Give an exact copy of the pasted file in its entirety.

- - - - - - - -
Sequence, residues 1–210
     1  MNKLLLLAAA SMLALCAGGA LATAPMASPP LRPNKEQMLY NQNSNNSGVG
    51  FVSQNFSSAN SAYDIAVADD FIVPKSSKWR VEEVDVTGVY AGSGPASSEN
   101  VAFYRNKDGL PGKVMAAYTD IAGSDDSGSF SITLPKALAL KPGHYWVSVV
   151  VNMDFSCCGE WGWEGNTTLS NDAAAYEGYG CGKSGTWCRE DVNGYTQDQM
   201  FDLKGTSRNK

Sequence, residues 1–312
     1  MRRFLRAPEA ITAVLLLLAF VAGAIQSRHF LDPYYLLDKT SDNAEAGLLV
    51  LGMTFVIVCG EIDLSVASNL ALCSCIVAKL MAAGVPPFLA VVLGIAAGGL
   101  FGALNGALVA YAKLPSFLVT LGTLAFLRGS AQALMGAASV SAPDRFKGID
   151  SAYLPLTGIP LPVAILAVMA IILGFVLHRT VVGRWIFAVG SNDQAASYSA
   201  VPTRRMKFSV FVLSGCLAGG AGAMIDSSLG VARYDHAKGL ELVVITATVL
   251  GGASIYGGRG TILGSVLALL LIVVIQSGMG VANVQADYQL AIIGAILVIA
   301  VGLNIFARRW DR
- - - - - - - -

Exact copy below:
Sequence, residues 1–210
     1  MNKLLLLAAA SMLALCAGGA LATAPMASPP LRPNKEQMLY NQNSNNSGVG
    51  FVSQNFSSAN SAYDIAVADD FIVPKSSKWR VEEVDVTGVY AGSGPASSEN
   101  VAFYRNKDGL PGKVMAAYTD IAGSDDSGSF SITLPKALAL KPGHYWVSVV
   151  VNMDFSCCGE WGWEGNTTLS NDAAAYEGYG CGKSGTWCRE DVNGYTQDQM
   201  FDLKGTSRNK

Sequence, residues 1–312
     1  MRRFLRAPEA ITAVLLLLAF VAGAIQSRHF LDPYYLLDKT SDNAEAGLLV
    51  LGMTFVIVCG EIDLSVASNL ALCSCIVAKL MAAGVPPFLA VVLGIAAGGL
   101  FGALNGALVA YAKLPSFLVT LGTLAFLRGS AQALMGAASV SAPDRFKGID
   151  SAYLPLTGIP LPVAILAVMA IILGFVLHRT VVGRWIFAVG SNDQAASYSA
   201  VPTRRMKFSV FVLSGCLAGG AGAMIDSSLG VARYDHAKGL ELVVITATVL
   251  GGASIYGGRG TILGSVLALL LIVVIQSGMG VANVQADYQL AIIGAILVIA
   301  VGLNIFARRW DR